City of Nashua


Nashua's Old City Hall

 



 History

The area was part of a 200-square-mile (520 km2) tract of land in Massachusetts called Dunstable, which had been awarded to Edward Tyng of Dunstable, England. Nashua lies approximately in the center of the original 1673 grant. The previously disputed boundary between Massachusetts and New Hampshire was fixed in 1741 when the governorships of the two provinces were separated. As a consequence, the township of Dunstable was divided in two. Tyngsborough and some of Dunstable remained in Massachusetts, while Dunstable, New Hampshire, was incorporated in 1746 from the northern section of the town.

Located at the confluence of the Nashua and Merrimack rivers, Dunstable was first settled about 1655 as a fur trading town. Like many 19th century riverfront New England communities, it would be developed during the Industrial Revolution with textile mills operated from water power. By 1836, the Nashua Manufacturing Company had built three cotton mills which produced 9.3 million yards of cloth annually on 710 looms. On December 31, 1836, the New Hampshire half of Dunstable was renamed Nashua, after the Nashua River, by a declaration of the New Hampshire legislature (the Dunstable name lives on across the Massachusetts border).The Nashua River was named by the Nashuway Indians, and in the Penacook language it means "beautiful stream with a pebbly bottom", with an alternative meaning of “land between two rivers”. In 1842 the town split again in two for eleven years following a dispute between the area north of the Nashua, and the area south of the river. During that time the northern area (today "French Hill") called itself "Nashville", while the southern part kept the name Nashua. They reconciled in 1853 and joined together to charter the "city of Nashua". Six railroad lines crossed the mill town, namely the Boston, Lowell and Nashua; Worcester and Nashua; Nashua and Acton; Nashua and Wilton; Concord and Nashua; and Rochester railroads; with 56 trains entering and departing daily in the years before the Civil War. These various railroads led to all sections of the country, north, east, south, and west. The Jackson Manufacturing Company employed hundreds of workers in the 1870s.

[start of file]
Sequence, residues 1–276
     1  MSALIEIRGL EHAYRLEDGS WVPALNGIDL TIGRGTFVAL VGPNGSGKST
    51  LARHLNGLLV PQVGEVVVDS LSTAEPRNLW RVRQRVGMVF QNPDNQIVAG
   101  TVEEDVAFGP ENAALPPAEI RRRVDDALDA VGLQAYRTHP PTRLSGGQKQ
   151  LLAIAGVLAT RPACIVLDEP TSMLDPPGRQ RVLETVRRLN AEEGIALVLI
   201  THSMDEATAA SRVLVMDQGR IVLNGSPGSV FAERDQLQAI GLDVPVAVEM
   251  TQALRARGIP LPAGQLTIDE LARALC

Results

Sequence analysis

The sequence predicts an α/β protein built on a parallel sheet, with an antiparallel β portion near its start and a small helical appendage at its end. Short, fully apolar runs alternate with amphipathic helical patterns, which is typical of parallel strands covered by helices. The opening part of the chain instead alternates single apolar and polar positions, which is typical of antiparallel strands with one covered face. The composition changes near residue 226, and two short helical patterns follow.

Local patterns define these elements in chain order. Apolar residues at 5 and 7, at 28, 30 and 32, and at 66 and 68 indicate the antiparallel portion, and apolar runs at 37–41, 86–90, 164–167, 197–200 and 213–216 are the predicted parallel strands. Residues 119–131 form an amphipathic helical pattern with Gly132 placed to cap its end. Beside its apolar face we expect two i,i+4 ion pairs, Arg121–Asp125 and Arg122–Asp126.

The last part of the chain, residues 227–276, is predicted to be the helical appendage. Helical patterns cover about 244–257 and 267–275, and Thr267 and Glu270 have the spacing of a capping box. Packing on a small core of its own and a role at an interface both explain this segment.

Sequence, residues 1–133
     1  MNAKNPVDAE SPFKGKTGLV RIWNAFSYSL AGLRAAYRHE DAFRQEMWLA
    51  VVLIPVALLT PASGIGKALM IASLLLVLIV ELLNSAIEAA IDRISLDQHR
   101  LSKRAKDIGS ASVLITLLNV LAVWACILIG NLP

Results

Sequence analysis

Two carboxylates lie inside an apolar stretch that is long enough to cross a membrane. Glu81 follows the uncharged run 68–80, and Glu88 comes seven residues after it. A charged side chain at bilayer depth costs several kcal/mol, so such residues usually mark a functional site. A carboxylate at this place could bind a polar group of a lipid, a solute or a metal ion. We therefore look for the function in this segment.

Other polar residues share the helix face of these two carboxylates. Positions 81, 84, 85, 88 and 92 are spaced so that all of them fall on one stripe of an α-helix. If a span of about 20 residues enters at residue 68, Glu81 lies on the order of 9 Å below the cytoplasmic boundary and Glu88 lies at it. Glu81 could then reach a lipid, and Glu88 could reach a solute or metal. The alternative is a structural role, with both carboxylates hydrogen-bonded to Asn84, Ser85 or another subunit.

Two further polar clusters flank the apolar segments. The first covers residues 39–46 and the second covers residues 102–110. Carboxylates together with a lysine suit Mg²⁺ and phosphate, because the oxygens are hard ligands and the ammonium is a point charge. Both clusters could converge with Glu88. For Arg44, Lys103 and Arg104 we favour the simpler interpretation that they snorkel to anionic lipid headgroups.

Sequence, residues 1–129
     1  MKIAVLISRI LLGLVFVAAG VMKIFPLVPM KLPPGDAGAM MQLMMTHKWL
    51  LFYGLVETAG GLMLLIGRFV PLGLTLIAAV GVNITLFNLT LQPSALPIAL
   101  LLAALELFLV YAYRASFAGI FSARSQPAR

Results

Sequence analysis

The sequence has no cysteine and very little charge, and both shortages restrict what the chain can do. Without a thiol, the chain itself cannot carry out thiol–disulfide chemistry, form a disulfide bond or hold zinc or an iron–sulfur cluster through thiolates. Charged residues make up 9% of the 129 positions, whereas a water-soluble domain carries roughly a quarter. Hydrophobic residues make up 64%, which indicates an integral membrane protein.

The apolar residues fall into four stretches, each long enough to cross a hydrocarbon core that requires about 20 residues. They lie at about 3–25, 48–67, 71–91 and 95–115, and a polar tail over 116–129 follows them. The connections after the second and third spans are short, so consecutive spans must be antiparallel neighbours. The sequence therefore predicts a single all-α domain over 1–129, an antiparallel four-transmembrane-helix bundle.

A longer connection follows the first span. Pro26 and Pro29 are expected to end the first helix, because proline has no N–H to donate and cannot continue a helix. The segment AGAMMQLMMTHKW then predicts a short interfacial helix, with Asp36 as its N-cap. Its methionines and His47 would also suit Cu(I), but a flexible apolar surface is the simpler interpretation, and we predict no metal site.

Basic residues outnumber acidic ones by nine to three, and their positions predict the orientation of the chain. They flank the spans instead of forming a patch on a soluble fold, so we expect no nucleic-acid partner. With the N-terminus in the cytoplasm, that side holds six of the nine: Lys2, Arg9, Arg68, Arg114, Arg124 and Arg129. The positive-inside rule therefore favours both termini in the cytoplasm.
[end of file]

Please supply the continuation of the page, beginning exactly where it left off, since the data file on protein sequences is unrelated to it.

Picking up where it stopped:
On this point of land dwelt John Lovewell, one of the earliest settlers of Dunstable,
at whose house Hannah Duston spent the night after her escape from the Indians
at Penacook Island March 30, 1697.

 

Resources

 


 

Surnames

If you would like your Nashua surname listed, please e-mail me

Bernard - Linda Simpson

Beverly - Maryann

Gadbois - Linda Simpson

Winters - Susan Winters Smith

 

 

Nashua Family Sites

If you would like your Nashua Family listed here, please e-mail me.

Blanchard Family

Bernard Family


 






                           
 

Linda Simpson

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Nashua, New Hampshire  
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